‘I wouldn’t feel too bad about it if I were you. Like I said, it doesn’t worry me, unless it affects your performance on the job. And as for the rest of them out there,’ he said, waving towards the squad room, ‘. . . well, I don’t know if they know about you or not. If they already do, I can tell you this much, I know it won’t worry Helen. But if any of the others have a problem with it, well, they’ll just have to get used to it, won’t they?’
‘Yes, sir,’ I answered meekly.
‘Anyhow, Helen is the only one who really matters, as far as you will be concerned, so if I can offer you one piece of advice Cooper; just keep on her good side.’
He picked up the manilla folder and passed it across the desk to me, saying, ‘I know that I shouldn’t be showing you this, and it can’t leave this room, but perhaps you might like to know just what the force does know about you.’
I took the folder from him and said, ‘Thank you sir.’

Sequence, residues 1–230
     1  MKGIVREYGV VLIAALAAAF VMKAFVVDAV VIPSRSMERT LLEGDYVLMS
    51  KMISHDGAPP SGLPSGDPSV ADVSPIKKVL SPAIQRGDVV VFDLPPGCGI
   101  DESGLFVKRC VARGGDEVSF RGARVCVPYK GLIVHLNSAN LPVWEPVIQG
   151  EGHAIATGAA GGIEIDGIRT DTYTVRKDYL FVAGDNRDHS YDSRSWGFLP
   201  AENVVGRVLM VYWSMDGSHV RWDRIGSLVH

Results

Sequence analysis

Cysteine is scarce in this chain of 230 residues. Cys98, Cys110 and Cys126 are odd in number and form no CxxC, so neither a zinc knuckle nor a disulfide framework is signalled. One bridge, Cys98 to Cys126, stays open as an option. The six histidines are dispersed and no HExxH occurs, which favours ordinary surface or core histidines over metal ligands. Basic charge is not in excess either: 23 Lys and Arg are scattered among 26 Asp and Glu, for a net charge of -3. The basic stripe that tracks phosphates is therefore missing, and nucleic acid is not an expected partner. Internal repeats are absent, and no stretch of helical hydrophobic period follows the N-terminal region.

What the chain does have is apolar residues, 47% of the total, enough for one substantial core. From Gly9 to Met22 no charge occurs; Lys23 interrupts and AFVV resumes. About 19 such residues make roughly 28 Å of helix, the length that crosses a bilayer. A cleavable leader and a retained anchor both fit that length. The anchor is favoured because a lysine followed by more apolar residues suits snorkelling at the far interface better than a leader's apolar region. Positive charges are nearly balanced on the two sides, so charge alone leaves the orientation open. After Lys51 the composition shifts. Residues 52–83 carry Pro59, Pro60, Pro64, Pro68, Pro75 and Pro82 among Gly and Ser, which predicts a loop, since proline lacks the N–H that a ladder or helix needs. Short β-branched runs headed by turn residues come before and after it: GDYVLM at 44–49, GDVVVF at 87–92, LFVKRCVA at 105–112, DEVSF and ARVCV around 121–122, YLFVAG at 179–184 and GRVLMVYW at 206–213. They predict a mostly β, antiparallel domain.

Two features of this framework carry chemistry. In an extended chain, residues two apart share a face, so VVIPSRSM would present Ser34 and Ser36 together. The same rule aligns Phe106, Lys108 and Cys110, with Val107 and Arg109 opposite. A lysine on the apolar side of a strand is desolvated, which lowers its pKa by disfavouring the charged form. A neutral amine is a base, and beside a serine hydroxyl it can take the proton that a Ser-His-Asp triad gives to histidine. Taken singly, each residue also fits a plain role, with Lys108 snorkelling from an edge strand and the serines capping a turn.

Opening the folder up I found that it didn’t contain very much information, just a few pieces of paper, or so it seemed.
The first things I came to were my personal records. The usual stuff was all there; name, date of birth, and sex, and to the back of which was attached a photograph of me, taken on the day I first graduated from the Police Academy at Goulburn.
At the bottom of the sheet which showed my personal details there was a note, scrawled in pencil, in the handwriting of one of my previous Commanding Officers. It said simply, ‘Spotted in Caesar’s in compromising position when the place was raided by the Drug Squad. Obviously gay, but doesn’t show it.’
I glanced up at the Inspector, who I found was studying me intently, then turned to the next page, where I found an assessment form from my first performance review. Then there was a report on one of the cases that I had been involved with at my previous command, which had given me a bit of a leg-up towards the Detective ranks.